Robert Thompson, Trustee Professor and director of the Bleier Center for Television and Popular Culture in the Newhouse School, was quoted in the USA Today story “What’s next for Megyn Kelly? Experts say the options are limited.”
Famed Cuban jazzman Paquito D’Rivera, SU students to play together in Nov. 1 world premiere event
Famed Cuban jazzman Paquito D’Rivera, SU students to play together in Nov. 1 world premiere eventOctober 08, 2007Kelly Homan Rodoskikahoman@syr.edu
Grammy Award-winning Cuban musician and composer Paquito D’Rivera will perform a repertoire of jazz and Latin music — including the world premiere of new music commissioned by Syracuse University — during a concert by the Paquito D’Rivera Quintet on Thursday, Nov. 1, at 8 p.m. in Goldstein Auditorium in the Hildegarde and J. Myer Schine Student Center. It is co-sponsored by the 2007 Syracuse Symposium, presented by SU’s College of Arts and Sciences, and Pulse, the visual and performing arts partnership between SU’s Division of Student Affairs and College of Visual and Performing Arts (VPA).
D’Rivera will perform with Oscar Stagnaro (bass), Mark Wagner (drums), Alex Brown (piano) and Diego Urcola (trumpet). D’Rivera will premier his new work, “Borat in Syracuse,” which was commissioned by the Syracuse Symposium and Pulse specifically for this occasion. SU student members of the Morton Schiff Jazz Ensemble will also perform a number of songs, including D’Rivera’s alternate arrangement of “Borat in Syracuse” under the baton of Joe Riposo, affiliate artist in VPA’s Setnor School of Music. D’Rivera, who offered to arrange his new work specifically for SU’s student musicians, will be a featured soloist.
Tickets — $20 for the general public, $10 for CNY Jazz Arts Foundation members and SU faculty, staff and alumni, and $5 for students with valid SU I.D. — are currently available at the Schine Box Office, (315) 443-4517. Parking will be available in the Irving Garage at a discounted rate, and in the University Avenue Garage and Booth Garage for $3.50.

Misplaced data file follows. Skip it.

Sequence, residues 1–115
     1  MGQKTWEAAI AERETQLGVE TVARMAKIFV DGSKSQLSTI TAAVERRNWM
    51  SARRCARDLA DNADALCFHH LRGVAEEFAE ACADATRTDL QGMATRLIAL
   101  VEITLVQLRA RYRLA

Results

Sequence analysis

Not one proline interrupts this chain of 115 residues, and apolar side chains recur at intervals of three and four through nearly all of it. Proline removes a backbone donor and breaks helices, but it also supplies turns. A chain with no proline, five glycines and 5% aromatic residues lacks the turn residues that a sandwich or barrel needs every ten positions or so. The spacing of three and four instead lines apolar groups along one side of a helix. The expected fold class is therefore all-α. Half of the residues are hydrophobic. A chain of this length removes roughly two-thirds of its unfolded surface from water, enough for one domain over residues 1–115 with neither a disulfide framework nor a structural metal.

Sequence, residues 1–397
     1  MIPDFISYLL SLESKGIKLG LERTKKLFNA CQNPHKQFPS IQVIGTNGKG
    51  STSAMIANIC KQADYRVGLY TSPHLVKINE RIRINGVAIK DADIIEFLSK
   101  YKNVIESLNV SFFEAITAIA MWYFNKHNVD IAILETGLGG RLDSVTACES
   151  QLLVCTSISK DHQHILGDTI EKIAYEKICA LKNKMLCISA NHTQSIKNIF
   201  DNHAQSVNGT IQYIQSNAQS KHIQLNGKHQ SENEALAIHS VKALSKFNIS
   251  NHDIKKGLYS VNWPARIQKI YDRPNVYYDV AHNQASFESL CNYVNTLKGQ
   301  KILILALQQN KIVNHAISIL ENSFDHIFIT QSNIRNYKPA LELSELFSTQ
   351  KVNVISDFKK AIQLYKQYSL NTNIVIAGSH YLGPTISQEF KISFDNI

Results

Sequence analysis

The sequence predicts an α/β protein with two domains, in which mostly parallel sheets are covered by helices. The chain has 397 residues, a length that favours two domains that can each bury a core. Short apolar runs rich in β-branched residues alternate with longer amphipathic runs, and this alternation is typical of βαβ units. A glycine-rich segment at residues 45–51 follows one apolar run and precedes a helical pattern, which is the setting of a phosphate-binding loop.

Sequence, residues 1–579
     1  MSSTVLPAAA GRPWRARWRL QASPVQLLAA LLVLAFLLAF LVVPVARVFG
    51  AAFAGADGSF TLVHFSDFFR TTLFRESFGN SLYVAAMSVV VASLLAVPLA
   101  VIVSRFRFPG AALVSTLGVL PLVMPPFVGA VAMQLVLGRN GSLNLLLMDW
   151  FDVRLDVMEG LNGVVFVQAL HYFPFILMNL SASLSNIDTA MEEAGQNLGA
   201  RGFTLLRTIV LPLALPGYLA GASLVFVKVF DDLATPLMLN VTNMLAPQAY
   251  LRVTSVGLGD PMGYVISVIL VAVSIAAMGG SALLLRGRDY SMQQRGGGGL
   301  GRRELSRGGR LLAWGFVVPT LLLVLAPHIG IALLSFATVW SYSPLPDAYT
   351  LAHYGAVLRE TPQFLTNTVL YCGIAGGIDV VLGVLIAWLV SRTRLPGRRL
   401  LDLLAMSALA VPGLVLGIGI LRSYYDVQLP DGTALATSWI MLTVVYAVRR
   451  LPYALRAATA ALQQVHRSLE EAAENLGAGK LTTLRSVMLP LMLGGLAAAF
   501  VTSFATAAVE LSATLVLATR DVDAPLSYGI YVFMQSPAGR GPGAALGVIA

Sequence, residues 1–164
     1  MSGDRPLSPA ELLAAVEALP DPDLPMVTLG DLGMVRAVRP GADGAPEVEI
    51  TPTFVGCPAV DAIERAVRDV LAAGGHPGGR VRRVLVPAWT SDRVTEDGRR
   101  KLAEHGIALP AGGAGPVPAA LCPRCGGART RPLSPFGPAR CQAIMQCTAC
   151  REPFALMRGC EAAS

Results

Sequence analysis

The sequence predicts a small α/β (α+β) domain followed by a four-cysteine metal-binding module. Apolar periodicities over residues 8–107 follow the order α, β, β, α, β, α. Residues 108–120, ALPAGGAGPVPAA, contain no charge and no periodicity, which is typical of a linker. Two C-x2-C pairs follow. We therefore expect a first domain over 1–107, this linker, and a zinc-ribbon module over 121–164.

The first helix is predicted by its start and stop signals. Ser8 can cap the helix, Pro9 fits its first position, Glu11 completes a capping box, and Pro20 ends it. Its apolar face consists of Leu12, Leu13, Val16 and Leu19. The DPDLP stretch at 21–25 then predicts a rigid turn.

“For our students, engagement with the world through the arts is one of the transformative highlights that distinguishes the Syracuse University experience,” says Barry L. Wells, senior vice president and dean of student affairs. “As we bring world-class artists such as Paquito D’Rivera to campus, students not only experience the rich diversity of Latin jazz influences by hearing the music for the first time, but by playing it at a premiere performance of their own.”
The world premiere piece, “Borat in Syracuse,” takes its title from D’Rivera’s first trip to Syracuse as a performer in the 1980s and from the recent film starring Sacha Baron Cohen. As D’Rivera describes, it was “snowing cats and dogs,” and the inspiration for the music was his memory of that winter experience and the mental image of the fictional character Borat climbing “mountains of snow while holding a brown leather bag (with a chicken inside)” and a “little American flag.”
D’Rivera composed “Three Poems from the New World,” which focused on issues of racial intolerance, hate and injustice, as well as the appreciation of friendship, love and life. The work was commissioned and premiered by the Chicago Chamber Musicians at the Grant Park Music Festival in June 2006.